‘There’s blood in the water for months,’ explains the tour guide at the Museo Civico di Carolforte. She’s been telling us about the mattanza, the traditional killing of blue-fin tuna (tonno rosso) in May and June each year as the fish swim past the Isola di San Pietro off the west coast of Sardinia on their way to spawn. We were visiting in October so didn’t witness the scene first hand. It is, by all accounts, quite a spectacle. Indeed, on the island of Favignana, the last-remaining tonnara in Sicily, some argue that it has become more of a display for tourism than a work activity justified by the size of the catch (van Ginkel, 2005). In any case, the mattanza itself is the culmination of a much bigger process.

First, there are the nets. The tuna are effectively trapped in an elaborate series of nets, known as a tonnara, anchored at sea. Taken out of their winter storage, the nets must be repaired and arranged ready to be put in position. If the whole process of tuna-fishing is a very male dominated one, women are nevertheless involved in the making and mending of the nets (van Ginkel, 2005). Although the details of the sizes of the sections are tightly guarded secrets, the pieces are numerous: 1,812 in Favignana, calculates Theresa Maggio (1990: 112). Getting this ‘unseen architecture’ (Maggio, 1990: 129) in place at sea is not at all straightforward. Each section of the nets must be secured, which means using anchors that are themselves as heavy as the tuna.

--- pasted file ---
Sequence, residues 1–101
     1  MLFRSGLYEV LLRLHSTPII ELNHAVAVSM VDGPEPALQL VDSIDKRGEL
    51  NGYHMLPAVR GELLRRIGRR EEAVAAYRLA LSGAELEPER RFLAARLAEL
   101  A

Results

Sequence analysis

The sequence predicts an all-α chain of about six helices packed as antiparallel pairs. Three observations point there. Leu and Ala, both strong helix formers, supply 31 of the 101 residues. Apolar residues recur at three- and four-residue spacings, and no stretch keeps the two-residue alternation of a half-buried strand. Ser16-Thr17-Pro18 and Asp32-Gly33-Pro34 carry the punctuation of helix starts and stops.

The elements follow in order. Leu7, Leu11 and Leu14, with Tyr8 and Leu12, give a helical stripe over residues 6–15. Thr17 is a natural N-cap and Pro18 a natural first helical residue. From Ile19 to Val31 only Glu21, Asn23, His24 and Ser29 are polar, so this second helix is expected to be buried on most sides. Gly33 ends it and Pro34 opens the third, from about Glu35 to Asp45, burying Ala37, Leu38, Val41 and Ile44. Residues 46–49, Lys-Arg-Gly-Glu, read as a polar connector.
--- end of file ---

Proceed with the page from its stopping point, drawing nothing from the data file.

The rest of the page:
In the model of the tonnara at the Museo Civico di Carolforte in the images above, the nets form a T-shape (seen here on its side). The length of the T (in the large photo on the left) is the section the tuna first encounter which impedes their forward movement. As a result they are channelled towards a series of ‘rooms’ (along the top of the T) until they reach the camera delle morte, the death chamber (shown photographed from above in the bottom right image). The ‘rooms’ that the nets create need to be large (up to 100meters long) so the tuna can move easily, which they must do to be able to breathe and continue to reproduce. Work on the nets doesn’t end when they are in place; they have to be maintained. The adult tuna that are coming up against them are large (more than 100kilos), strong and fast. And there’s the work of counting the number of tuna trapped too – through glass-bottomed buckets, or by the feel of vibrations on a line dropped into the different rooms (Longo, 2009: 143) – until the rais, the head fisherman, decides the time is right…

It’s hard to overstate the significance and status of the rais in this world. He has near-total authority, retains his title and is given ongoing respect into retirement (and beyond the grave, with headstones marked, ‘rais’). He has a profound understanding of the sea and of the tonnara. Indeed, all the tonarotti (the tuna fishers) are highly skilled mariners, learning what to do through a kind of apprenticeship system, and although there is a strong formal hierarchy and division of labour, in practice, the men turn their hands to many aspects of the work (Longo, 2009: 127). It is a highly labour-intensive process, a total bodily and sensory experience of work, and one they talk about in terms of dignity and gratification, as well as hard work (Longo, 2009: 148).